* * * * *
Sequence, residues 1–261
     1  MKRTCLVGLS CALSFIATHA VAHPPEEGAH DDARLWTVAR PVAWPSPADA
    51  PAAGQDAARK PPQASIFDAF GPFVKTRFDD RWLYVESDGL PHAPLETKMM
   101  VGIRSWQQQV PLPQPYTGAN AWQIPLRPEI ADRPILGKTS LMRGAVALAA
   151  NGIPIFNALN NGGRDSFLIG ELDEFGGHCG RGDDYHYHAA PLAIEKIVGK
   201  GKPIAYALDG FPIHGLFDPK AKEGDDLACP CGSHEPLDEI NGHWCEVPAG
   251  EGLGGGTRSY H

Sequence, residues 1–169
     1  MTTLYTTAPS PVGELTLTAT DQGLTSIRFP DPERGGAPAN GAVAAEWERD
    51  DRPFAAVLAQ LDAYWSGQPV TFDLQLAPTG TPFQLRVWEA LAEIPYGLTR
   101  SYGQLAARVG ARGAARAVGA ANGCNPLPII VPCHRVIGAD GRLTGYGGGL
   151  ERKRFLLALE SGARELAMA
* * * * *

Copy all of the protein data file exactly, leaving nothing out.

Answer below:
Sequence, residues 1–261
     1  MKRTCLVGLS CALSFIATHA VAHPPEEGAH DDARLWTVAR PVAWPSPADA
    51  PAAGQDAARK PPQASIFDAF GPFVKTRFDD RWLYVESDGL PHAPLETKMM
   101  VGIRSWQQQV PLPQPYTGAN AWQIPLRPEI ADRPILGKTS LMRGAVALAA
   151  NGIPIFNALN NGGRDSFLIG ELDEFGGHCG RGDDYHYHAA PLAIEKIVGK
   201  GKPIAYALDG FPIHGLFDPK AKEGDDLACP CGSHEPLDEI NGHWCEVPAG
   251  EGLGGGTRSY H

Sequence, residues 1–169
     1  MTTLYTTAPS PVGELTLTAT DQGLTSIRFP DPERGGAPAN GAVAAEWERD
    51  DRPFAAVLAQ LDAYWSGQPV TFDLQLAPTG TPFQLRVWEA LAEIPYGLTR
   101  SYGQLAARVG ARGAARAVGA ANGCNPLPII VPCHRVIGAD GRLTGYGGGL
   151  ERKRFLLALE SGARELAMA